When Mount Vesuvius erupted and buried the Italian city of Pompeii in ash, killing 2,000 people, it was regarded as one of the most catastrophic natural disasters and is still studied heavily today.
By comparison, a nearby supervolcano called Campi Flegrei, which means “burning fields,” would put the lives of 500,000 Italians at risk and cause damage that would extend to the surrounding nations.
Campi Flegrei has been around for many years and has notable eruptions that occurred 39,000 and 12,000 years ago.
The first eruption is thought to have contributed to the extinction of the Neanderthals; though this is heavily debated, what’s indisputable is that it caused heinous weather changes, toxic levels of sulfur in the air which caused dark red sunsets for a year, and tons acid rain.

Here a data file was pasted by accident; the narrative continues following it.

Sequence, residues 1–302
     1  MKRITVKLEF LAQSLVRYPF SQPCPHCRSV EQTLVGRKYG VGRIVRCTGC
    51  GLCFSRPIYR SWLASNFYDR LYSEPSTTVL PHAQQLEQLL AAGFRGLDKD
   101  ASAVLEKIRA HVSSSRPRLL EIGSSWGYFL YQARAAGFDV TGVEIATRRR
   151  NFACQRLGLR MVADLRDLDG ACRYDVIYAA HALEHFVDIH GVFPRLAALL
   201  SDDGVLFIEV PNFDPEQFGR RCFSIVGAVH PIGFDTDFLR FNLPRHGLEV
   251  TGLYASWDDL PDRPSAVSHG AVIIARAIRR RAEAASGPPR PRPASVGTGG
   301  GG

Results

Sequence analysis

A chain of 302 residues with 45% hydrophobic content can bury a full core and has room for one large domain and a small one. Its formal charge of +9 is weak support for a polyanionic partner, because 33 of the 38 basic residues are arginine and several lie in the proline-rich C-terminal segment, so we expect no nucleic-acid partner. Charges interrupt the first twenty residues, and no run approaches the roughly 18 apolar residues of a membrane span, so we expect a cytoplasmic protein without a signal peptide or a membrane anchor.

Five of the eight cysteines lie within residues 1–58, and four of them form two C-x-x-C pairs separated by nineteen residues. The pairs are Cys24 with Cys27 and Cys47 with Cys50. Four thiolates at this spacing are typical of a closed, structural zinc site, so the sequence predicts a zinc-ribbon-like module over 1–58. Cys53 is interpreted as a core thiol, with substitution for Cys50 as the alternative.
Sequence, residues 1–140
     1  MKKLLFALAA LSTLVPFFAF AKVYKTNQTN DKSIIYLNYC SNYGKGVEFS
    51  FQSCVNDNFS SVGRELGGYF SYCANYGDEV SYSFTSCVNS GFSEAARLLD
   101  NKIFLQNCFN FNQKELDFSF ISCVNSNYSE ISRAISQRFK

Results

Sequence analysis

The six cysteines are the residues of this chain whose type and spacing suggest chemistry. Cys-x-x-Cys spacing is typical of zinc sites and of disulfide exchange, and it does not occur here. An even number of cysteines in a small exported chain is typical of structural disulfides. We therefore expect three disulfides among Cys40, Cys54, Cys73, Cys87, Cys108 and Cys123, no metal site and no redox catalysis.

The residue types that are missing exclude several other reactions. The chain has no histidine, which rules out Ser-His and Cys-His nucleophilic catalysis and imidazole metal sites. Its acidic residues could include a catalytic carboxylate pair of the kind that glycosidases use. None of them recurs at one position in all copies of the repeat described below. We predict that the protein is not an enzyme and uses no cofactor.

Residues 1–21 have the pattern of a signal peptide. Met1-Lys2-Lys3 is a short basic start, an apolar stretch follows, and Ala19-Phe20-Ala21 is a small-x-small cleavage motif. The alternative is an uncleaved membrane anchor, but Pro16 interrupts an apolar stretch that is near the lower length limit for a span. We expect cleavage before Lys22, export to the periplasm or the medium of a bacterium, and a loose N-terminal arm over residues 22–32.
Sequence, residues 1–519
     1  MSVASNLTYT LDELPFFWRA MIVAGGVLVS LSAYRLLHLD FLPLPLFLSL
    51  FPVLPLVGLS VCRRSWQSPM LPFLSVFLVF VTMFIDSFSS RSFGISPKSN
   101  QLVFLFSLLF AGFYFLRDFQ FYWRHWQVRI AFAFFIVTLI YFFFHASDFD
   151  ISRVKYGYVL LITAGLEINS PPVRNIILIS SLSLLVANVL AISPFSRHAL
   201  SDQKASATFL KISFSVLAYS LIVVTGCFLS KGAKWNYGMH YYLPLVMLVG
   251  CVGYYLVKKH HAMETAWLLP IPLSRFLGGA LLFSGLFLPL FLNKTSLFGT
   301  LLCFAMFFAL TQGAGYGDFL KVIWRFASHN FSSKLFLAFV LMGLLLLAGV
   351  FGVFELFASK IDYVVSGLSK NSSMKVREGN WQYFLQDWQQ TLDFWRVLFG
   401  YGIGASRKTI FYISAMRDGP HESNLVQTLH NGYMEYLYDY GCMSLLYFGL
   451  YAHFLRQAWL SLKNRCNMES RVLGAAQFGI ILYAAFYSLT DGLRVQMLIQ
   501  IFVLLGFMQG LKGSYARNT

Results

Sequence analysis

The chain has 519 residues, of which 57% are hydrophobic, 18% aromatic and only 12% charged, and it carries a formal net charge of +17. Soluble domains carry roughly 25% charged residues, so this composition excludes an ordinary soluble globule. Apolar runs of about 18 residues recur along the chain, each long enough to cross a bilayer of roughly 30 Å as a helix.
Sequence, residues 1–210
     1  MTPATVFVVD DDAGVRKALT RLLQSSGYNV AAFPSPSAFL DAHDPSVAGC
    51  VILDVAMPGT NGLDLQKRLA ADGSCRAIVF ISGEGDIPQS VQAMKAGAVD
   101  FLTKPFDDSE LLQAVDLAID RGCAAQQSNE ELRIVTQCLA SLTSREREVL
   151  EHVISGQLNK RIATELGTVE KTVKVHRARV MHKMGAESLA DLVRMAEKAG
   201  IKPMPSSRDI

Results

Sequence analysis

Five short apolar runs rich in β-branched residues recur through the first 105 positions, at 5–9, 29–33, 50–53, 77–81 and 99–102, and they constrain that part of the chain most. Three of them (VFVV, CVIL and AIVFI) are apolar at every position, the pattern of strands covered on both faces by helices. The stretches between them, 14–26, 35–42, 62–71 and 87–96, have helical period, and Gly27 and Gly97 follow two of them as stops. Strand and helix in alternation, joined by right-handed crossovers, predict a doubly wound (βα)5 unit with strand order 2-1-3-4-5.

In the most recent eruption, the supervolcano erupted for 8 days straight and formed a new mountain, aptly named Monte Nuovo. Scientists have been detecting an increase in low-level activity since 2005, which they have called an “uplift.”
The recent activity prompted the Italian government to raise the threat level from green to yellow, which means that the volcano is now monitored 24/7 to detect any increases in the likelihood that it could erupt. A recent study found that the activity has increased substantially, which spurred the government into action.
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